One final point to note is to ensure you have sufficient balance in your OA to tide you over at least 6 months of installment payment (in case you are out of a job, for example). This means that bonuses (which increase your OA quickly as the full amount of CPF is credited to your OA, not limited to just 23% of S$4,500 per month).should be retained in order to tide one over for a rainy day, rather than being used as lump sum repayment. This is just a personal opinion though, one should tweak the spreadsheet according to his or her financial condition.

For more information on housing loan assistance, I would strongly recommend Mr. Dennis Ng of Leverage Holdings Pte Ltd. He has been giving financial advice and tips on Wallstraits forum for the past 5 years and has also been invited to write articles in BT and give talks on property loans. His website can be accessed here.


fishman said...

Hi Musicwhiz,

Thanks for the leg-up! I've just drew up my own home loan amortization based on the template you've shown. Think it'll certainly be very useful down the road!

I think I'll probably not increase payment along the way, even when and if our pay increase. Instead I'll invest the additional monies, since interest is low. Just some thought lah!~

Hope you don't mind a question - How do you value REITs? Any different to valuing of other company entities? Thanks!


musicwhiz said...

Hi fishman,

Glad my template proved of use to you. Mine is just a very basic discussion on property and HDB as Dennis is the expert on such matters. It's a good idea to invest additional CPF monies assuming u can get a better than 2.5% per annum return. If not, then you are better off repaying more of the loan. Another factor to consider is that repaying the loan faster also means you have less to worry about should anything happen to your job (again, touch wood !) as your interest charges would have been reduced due to the higher repayment. Ultimately, my aim is to be debt free by 40 and I hope I can achieve that. :)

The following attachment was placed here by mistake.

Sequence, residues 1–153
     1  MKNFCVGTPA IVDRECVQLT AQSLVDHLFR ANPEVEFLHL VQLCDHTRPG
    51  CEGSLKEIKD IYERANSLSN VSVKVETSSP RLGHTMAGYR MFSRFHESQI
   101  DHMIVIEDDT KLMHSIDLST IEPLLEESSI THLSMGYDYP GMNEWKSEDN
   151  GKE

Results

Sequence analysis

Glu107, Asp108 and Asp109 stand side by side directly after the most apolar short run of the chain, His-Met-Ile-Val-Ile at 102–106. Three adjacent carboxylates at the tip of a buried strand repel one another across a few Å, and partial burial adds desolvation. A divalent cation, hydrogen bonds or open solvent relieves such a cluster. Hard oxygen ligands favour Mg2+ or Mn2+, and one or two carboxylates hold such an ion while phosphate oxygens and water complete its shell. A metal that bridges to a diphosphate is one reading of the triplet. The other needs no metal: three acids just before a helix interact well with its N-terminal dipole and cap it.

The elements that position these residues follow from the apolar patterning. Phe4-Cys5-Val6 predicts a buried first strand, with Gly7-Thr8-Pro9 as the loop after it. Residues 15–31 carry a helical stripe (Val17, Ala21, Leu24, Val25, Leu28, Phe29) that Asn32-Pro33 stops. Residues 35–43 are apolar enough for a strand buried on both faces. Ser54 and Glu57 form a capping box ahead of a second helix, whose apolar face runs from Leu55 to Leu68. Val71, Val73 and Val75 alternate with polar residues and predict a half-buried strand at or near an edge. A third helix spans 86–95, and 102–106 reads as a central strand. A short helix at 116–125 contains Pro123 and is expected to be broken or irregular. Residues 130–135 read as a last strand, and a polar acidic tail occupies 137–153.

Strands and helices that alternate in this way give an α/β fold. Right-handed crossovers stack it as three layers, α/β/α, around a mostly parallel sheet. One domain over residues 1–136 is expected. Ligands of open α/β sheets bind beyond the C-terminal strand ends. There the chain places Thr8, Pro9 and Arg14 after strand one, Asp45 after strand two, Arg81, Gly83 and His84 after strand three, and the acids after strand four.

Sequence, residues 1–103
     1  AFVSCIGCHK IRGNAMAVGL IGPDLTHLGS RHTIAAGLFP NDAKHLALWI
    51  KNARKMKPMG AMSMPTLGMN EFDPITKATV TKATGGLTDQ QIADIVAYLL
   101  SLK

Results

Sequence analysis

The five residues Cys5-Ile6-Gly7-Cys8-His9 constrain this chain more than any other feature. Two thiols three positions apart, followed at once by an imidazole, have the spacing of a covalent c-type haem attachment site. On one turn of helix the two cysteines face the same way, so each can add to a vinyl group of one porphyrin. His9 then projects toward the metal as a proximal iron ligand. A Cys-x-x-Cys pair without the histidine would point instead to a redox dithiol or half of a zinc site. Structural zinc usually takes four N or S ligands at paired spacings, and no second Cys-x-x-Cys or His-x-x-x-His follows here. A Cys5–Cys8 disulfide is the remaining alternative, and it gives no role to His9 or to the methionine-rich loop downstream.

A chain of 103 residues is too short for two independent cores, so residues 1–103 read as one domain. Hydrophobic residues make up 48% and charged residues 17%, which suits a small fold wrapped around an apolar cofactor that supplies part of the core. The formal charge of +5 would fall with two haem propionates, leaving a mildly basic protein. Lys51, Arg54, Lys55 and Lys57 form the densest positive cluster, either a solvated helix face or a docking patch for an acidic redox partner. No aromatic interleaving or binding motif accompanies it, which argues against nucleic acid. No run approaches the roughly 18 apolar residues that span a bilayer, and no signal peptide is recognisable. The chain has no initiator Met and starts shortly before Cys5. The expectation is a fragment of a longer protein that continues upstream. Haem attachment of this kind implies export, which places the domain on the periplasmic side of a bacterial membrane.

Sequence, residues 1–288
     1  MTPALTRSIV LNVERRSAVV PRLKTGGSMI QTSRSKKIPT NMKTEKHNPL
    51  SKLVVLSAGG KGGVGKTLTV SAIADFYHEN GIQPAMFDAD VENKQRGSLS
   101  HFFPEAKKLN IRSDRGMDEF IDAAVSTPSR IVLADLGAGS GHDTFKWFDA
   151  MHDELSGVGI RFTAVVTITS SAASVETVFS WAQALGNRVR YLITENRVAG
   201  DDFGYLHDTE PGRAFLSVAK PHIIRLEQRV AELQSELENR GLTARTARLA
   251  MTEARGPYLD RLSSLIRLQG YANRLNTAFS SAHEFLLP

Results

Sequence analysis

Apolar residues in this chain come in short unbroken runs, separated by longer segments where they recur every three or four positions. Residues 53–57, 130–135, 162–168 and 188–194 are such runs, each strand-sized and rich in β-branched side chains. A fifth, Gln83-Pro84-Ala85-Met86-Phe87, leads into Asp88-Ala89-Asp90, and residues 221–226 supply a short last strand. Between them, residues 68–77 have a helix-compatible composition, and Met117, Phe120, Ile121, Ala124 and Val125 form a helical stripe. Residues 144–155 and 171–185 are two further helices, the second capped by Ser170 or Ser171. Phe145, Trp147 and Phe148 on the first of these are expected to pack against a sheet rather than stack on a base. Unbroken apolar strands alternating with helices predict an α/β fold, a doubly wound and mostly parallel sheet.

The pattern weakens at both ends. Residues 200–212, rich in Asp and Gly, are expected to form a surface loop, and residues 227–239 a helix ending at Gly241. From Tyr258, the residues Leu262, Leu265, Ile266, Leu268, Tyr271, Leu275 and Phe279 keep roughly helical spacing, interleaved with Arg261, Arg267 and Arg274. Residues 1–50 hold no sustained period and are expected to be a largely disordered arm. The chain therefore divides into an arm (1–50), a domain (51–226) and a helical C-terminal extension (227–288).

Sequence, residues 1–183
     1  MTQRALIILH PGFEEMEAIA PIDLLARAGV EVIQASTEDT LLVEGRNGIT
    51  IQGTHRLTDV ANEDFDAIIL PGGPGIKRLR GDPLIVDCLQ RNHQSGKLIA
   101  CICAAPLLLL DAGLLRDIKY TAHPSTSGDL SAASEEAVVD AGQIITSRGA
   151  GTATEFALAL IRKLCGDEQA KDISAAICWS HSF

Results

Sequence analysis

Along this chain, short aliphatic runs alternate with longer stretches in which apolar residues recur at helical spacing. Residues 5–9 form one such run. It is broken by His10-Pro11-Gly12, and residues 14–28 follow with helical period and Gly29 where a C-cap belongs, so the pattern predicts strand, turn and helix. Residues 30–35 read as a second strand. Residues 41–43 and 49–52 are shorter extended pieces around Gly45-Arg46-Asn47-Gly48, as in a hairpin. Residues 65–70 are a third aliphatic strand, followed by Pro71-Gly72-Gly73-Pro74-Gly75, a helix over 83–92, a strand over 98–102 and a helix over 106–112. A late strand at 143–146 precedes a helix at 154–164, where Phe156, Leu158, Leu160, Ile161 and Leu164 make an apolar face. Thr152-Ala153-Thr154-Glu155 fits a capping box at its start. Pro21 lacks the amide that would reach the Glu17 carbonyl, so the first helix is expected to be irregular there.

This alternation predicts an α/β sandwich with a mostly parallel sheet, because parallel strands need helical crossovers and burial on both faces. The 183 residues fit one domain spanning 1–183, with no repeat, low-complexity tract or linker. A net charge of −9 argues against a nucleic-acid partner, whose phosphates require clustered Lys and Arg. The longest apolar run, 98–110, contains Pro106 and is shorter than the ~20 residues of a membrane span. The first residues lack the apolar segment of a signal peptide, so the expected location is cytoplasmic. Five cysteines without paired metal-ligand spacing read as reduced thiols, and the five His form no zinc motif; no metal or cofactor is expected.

REITS are usually valued based on their NAV (and not PER). PER for REITS can be very high at 35-40x, thus it is not a good measure. Another thing you can look at for REITS are their acquisition policies, gearing and also dividend yield.

Hope this helps !

Regards, Musicwhiz

Anonymous said...

Hi musicwhiz,
I'm impressed! You really cover multiple aspect of financial planning.

Will you be doing a writeup on buying property as an investment in Singapore? Singaporeans love this form of investment.

Do you know the details eg how much of our CPF we can use for a second property? What are the estimated returns over 10 years vs shares? Which are the best rental yield areas in Singapore etc?

musicwhiz said...

Hi Anonymous,

Thanks, I try to give an overview of other ways of building personal wealth, but value investing in terms of shares is still my strength.

I will not be doing a detailed write-up on property as my blog is more geared towards value investment in shares (and not properties). However, I may in future do another posting on properties once I learn enough about them, as I would not want to mislead anyone with errorneous information. Singaporeans love this form of investment, but many have got burnt as well because they tried to "flip" too much.

For your questions, I would suggest asking Mr. Dennis Ng who is an expert on giving advice on property matters. I am not qualified or knowledgeable enough to give any advice or opinion.

P.S. - BT did have a pullout on property some weeks back which is very useful for the layman. Hope you managed to catch that !

Regards, musicwhiz

Anonymous said...

Thanks :0).
Looking f/w to your next postings.

musicwhiz said...

No problem. Have a great day !

Regards, musicwhiz